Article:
• International Journal of Network Security & Its Applications (IJNSA), Vol.5, No.1, January 2013Here, a plaintext block is enciphered by being XORed to the encryption module of the previousciphertext block. The process is repeated with the successive input blocks until a ciphertextsegment is produced from every plaintext segment. In general, each successive input block isenciphered to produce an output block.In CFB encryption, like CBC encryption, the input block to each forward cipher functiondepends on the result of the previous forward cipher function; therefore, multiple forward cipheroperations cannot be performed in parallel. In CFB decryption, the required forward cipheroperations can be performed in parallel if the input blocks are first constructed (in series) fromthe ciphertext [18].4.4. Output Feedback (OFB) ModeOne other mode among those originally suggested for use was Output Feedback Mode: thismode encrypted an initial value with DES, and then the result of the encryption was encryptedagain repeatedly. The resulting values were used as a keystream to XOR with messages.The Output Feedback (OFB) mode is a confidentiality mode that features the iteration of theforward cipher on an IV to generate a sequence of output blocks that are exclusive-ORed withthe plaintext to produce the ciphertext, and vice versa. The OFB mode requires that the IV is anonce, i.e., the IV must be unique for each execution of the mode under the given key; In OFBencryption, the IV is transformed by the forward cipher function to produce the first outputblock. The first output block is exclusive-ORed with the first plaintext block to produce the firstciphertext block. The forward cipher function is then invoked on the first output block toproduce the second output block. The second output block is exclusive-ORed with the secondplaintext block to produce the second ciphertext block, and the forward cipher function isinvoked on the second output block to produce the third output block. Thus, the successiveoutput blocks are produced by applying the forward cipher function to the previous outputblocks, and the output blocks are exclusive-ORed with the corresponding plaintext blocks toproduce the ciphertext blocks. β = f (α , a, b ) = E K (0 ⊕ X i-1 ) ⊕ Pi = E K (X i-1 ) ⊕ Pi (a) Encryption application 27
  • International Journal of Network Security & Its Applications (IJNSA), Vol.5, No.1, January 2013 P’ β = f (α , a, b ) = E K (0 ⊕ X i -1 ) ⊕ C i = E K (X i -1 ) ⊕ C i *1: When previous mode change is OFB or CFB Decryption*2 C i Ciphertext 0 W i-1 X i E-function P’ β = f (α , a, b ) = E K (0 ⊕ W i -1 ) ⊕ C i W i-1 = E K (W i -1 ) ⊕ C i *2: When previous mode change is ECB or CBC (b) Decryption application Figure 7. Output FeedBack modeIn OFB decryption, the IV is transformed by the forward cipher function to produce the firstoutput block. The first output block is exclusive-ORed with the first ciphertext block to recoverthe first plaintext block. The first output block is then transformed by the forward cipherfunction to produce the second output block. The second output block is exclusive-ORed withthe second ciphertext block to produce the second plaintext block, and the second output blockis also transformed by the forward cipher function to produce the third output block. Thus, thesuccessive output blocks are produced by applying the forward cipher function to the previousoutput blocks, and the output blocks are exclusive-ORed with the corresponding ciphertextblocks to recover the plaintext blocks. 28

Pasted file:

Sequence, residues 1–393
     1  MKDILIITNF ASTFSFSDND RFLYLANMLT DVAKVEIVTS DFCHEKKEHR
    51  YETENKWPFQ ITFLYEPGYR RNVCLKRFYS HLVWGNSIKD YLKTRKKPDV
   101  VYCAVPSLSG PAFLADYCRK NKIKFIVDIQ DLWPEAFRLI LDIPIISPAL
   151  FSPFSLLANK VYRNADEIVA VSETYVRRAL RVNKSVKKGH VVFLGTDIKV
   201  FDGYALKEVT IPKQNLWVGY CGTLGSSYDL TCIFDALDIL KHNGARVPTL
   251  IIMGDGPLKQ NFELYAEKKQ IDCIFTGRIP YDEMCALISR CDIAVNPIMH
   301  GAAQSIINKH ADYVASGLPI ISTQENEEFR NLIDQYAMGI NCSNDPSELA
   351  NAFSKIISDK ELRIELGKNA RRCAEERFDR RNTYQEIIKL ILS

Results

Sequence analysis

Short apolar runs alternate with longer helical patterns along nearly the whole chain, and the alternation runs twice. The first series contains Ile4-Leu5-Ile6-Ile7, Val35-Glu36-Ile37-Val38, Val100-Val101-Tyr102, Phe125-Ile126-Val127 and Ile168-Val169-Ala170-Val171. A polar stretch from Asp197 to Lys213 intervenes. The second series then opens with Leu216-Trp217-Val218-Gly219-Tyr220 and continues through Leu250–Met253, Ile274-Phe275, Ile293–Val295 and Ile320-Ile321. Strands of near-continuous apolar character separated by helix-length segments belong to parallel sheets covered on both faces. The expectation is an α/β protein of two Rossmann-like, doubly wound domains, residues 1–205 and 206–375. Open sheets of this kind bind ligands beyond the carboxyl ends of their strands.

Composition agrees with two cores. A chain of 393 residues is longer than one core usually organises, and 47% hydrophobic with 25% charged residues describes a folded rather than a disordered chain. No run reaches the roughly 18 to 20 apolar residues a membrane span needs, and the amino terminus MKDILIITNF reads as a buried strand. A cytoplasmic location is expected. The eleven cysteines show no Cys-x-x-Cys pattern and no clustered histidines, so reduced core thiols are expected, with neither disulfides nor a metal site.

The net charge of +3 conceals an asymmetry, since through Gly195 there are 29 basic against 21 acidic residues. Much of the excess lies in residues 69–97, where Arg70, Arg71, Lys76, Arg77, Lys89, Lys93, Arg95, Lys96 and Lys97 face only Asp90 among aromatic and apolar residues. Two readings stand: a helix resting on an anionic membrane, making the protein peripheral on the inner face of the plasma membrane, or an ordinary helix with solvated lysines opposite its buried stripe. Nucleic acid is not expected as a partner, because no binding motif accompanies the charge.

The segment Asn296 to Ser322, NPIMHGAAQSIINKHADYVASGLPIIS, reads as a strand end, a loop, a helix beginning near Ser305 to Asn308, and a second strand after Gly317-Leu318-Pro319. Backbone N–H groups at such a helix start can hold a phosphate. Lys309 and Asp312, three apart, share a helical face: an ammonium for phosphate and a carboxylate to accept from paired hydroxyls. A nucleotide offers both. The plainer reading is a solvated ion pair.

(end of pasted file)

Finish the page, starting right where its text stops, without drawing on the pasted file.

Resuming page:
• International Journal of Network Security & Its Applications (IJNSA), Vol.5, No.1, January 20134.5. Cipher Block Chaining Message Authentication Code (CBC-MAC)A cipher block chaining message authentication code (CBC-MAC) is a technique forconstructing a message authentication code from a block cipher. The message is encrypted withsome block cipher algorithm in CBC mode to create a chain of blocks such that each blockdepends on the proper encryption of the previous block. This interdependence ensures that achange to any of the plaintext bits will cause the final encrypted block to change in a way thatcannot be predicted or counteracted without knowing the key to the block cipher.To calculate the CBC-MAC of message one encrypts in CBC mode with zero initializationvector. The following figure sketches the computation of the CBC-MAC of a messagecomprising P1||P2||P3||..||Pn using a secret key K and a block cipher E(): Ci = f (α , a, b), for i = 1 to n - 1 = E K (Pi ⊕ Ci-1 ) ⊕ 0 tag = f (α , a, b ) = E K (P n ⊕ C n -1 ) ⊕ 0 Figure 8. Cipher Block Chaining Message Authentication CodeThe simple CBC-MAC operation uses CBC encryption, just CBC-MAC outputs of UOS are thethrough passed plaintext block from the first divided message block to the end. A tag only goesbehind the whole message with Cn as the message authentication code, i.e. an integrity checkvalue.5. Mode Selection and Operating SimulationThe mode selection could be built into the unified operation structure to make it more powerful.We design three generators for mode selection. The first one, easy generator, performs anoperational simulation as follows. To change the operation mode, a mode selection bit sequenceis proposed for being used to change the operation mode. Assumed that the number of modes ofoperation is 4 by ECB, CBC, CFB and OFB. The mode selection parameter may be generatedby a mode selection generator.5.1. A Simple Case with 4-bit Test-CipherHere we use a 4-bit Test-Cipher operation to show the example. Here the simple case uses the2’s complement as the sample 4-bit Test-Cipher encryption with special target key. The 4-bitTest-Cipher operating of encryption with special target key from input to output is shown infollowing table. It is the same as the ECB mode operation, and the operating of decryption is thebackward transformation. 29